It's crazy to think the Total Solar eclipse that literally swept the nation happened over two months ago. I had been looking forward to it since experiencing the annular eclipse near St. George a few years ago. All these plans were made, solar glasses purchased, but the day before Aug. 21 I got sick and had to bow out. I was overly sad, to say the least.
Some of my family made the trek up to Idaho to experience totality and had quite the experience, while most of my family ended up staying here in Utah.
(Photo by Lindsay Stufflebeam)
In Northern Utah we got about 90% totality, and it was still a cool experience. There was a grayish/blue tint that took over everything outside. What was really nice was how clear the sky was. The day before and after we had clouds, but on the 21st the sky was clear and bright. So bright, which made the 90% totality even more striking as the light dimmed. Walking through the house was an interesting experience.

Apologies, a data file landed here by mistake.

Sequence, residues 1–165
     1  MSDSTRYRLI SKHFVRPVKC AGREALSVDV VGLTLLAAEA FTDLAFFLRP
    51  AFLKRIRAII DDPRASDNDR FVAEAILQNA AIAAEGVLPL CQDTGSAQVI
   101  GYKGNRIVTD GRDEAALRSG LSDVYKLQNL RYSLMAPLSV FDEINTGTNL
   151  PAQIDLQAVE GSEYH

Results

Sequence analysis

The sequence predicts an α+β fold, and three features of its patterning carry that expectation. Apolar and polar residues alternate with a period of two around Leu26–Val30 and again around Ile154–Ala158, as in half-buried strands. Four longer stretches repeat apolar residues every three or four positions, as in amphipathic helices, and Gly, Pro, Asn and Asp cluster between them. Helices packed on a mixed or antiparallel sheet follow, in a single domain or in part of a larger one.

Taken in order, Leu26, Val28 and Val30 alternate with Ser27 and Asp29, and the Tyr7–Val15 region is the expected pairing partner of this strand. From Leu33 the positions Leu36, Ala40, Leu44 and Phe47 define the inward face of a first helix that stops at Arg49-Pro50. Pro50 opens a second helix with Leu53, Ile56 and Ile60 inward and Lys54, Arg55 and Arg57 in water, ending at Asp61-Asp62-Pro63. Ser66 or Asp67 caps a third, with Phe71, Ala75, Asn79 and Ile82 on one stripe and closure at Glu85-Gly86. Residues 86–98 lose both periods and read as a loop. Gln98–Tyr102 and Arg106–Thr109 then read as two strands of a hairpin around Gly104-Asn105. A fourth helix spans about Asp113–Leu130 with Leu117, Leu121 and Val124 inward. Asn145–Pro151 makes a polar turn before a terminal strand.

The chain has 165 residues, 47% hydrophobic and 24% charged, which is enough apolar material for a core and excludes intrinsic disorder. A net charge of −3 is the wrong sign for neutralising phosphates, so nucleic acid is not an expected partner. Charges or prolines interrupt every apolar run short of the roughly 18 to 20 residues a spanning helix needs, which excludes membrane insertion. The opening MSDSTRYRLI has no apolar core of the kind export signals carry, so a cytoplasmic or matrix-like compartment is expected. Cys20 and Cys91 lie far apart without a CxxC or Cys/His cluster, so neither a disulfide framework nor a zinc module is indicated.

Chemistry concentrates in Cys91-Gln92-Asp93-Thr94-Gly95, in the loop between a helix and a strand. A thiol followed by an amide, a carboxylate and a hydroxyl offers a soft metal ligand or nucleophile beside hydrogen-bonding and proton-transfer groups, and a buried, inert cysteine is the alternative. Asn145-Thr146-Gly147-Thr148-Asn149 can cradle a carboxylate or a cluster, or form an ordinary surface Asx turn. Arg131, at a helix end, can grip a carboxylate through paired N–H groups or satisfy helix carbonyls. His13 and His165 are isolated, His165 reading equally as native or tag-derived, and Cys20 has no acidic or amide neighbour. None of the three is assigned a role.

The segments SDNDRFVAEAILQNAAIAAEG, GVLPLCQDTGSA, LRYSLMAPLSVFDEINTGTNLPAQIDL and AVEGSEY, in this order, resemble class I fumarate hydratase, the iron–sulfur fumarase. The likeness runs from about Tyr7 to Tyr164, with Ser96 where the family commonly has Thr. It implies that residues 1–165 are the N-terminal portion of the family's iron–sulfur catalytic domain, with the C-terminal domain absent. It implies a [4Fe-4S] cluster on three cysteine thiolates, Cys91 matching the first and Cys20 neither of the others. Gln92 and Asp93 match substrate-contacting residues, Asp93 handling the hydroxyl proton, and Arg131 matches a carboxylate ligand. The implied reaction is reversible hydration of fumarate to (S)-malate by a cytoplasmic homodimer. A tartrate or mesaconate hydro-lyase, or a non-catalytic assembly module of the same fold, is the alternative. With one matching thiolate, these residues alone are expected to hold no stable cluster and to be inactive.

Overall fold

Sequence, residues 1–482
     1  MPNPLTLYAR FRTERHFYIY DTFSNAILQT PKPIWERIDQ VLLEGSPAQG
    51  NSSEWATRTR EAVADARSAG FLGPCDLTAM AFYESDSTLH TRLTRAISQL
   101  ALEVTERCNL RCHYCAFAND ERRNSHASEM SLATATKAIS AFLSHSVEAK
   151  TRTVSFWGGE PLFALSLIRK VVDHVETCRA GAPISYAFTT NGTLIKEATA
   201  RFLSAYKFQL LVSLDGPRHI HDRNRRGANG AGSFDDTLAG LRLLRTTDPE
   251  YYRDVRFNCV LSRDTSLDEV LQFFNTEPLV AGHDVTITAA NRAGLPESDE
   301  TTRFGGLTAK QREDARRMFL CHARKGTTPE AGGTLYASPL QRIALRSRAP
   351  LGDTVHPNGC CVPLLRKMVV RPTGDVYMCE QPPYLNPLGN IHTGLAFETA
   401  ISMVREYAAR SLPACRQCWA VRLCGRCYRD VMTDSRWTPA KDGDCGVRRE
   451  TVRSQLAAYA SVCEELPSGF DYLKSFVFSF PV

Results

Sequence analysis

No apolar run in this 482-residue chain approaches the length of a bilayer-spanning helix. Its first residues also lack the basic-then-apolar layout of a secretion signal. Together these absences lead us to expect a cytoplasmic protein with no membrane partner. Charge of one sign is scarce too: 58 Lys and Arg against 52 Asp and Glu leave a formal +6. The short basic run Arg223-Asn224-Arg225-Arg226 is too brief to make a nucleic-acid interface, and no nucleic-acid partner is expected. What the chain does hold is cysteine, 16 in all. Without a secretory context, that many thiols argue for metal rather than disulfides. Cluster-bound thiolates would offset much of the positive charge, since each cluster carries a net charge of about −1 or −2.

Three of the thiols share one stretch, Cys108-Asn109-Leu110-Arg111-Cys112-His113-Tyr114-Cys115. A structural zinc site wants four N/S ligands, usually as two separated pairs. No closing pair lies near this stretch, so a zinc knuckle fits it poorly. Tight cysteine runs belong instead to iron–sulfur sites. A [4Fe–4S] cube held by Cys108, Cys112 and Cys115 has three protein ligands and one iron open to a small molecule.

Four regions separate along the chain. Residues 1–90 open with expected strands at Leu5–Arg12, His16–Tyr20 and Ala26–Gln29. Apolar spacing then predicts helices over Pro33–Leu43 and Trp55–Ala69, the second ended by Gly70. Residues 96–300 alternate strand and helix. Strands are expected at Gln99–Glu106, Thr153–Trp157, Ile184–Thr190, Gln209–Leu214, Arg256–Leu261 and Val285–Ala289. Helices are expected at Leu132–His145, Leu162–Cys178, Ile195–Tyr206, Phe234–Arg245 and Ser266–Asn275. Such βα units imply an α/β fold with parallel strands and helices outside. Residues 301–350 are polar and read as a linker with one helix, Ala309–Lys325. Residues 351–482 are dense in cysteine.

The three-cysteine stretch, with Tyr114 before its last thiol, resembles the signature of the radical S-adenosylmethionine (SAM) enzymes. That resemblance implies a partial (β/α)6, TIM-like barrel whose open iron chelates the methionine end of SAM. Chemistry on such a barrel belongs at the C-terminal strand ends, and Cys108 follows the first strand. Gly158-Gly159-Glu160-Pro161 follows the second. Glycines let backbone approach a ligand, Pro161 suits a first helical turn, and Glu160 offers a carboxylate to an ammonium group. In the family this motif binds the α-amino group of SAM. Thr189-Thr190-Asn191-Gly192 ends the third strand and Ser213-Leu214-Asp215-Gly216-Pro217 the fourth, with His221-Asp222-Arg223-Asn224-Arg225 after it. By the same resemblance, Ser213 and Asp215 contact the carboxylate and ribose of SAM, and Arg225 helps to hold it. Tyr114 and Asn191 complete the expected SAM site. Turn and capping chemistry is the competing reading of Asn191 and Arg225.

The nice thing about Total solar eclipses is that they're not as rare as the media seemed to make us think.
On April 8, 2024 there's going to be a total solar eclipse spanning from Texas to East Canada.
On August 12, 2045 there's going to be another total eclipse spanning the nation, and for that one I currently live in the path of totality. Who knows what my life will be like, or where I'll be, but still cool.
Technically there's a total solar eclipse every 18 months, granted some of them are in places I won't be able to travel, over the arctic, or over the sea, but there's still quite a few opportunities.
Look at Australia!
There's going to be 4, FOUR, total solar eclipses in a 10 year period, 2028-2038, 5 spots getting it twice, one spot getting it 18 months apart.
One of these days I really want to experience totality.
I really want to see stars in the daytime.